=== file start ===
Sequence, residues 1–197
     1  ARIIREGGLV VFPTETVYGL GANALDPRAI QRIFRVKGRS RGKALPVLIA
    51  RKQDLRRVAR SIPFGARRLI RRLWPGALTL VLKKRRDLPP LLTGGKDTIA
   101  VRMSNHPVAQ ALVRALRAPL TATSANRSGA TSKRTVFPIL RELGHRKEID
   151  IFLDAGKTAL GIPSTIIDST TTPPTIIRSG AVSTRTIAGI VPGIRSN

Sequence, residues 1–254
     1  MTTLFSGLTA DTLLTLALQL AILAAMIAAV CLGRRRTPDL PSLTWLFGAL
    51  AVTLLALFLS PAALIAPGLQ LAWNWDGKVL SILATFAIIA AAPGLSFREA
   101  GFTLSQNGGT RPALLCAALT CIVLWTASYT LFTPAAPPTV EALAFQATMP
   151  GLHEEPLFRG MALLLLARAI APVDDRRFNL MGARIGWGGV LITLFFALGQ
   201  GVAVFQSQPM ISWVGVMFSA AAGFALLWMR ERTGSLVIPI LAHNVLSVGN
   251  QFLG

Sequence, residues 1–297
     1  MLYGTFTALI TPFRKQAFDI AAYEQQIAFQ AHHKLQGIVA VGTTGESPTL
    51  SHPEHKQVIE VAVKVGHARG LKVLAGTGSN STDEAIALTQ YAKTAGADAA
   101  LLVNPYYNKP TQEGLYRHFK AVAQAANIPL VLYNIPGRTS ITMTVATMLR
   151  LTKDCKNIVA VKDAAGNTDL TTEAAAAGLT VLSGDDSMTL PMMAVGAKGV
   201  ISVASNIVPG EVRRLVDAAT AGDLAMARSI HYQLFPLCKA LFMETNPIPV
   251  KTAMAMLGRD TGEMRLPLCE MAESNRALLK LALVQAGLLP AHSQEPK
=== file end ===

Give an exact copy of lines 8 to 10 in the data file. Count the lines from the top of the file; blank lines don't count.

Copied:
    51  AVTLLALFLS PAALIAPGLQ LAWNWDGKVL SILATFAIIA AAPGLSFREA
   101  GFTLSQNGGT RPALLCAALT CIVLWTASYT LFTPAAPPTV EALAFQATMP
   151  GLHEEPLFRG MALLLLARAI APVDDRRFNL MGARIGWGGV LITLFFALGQ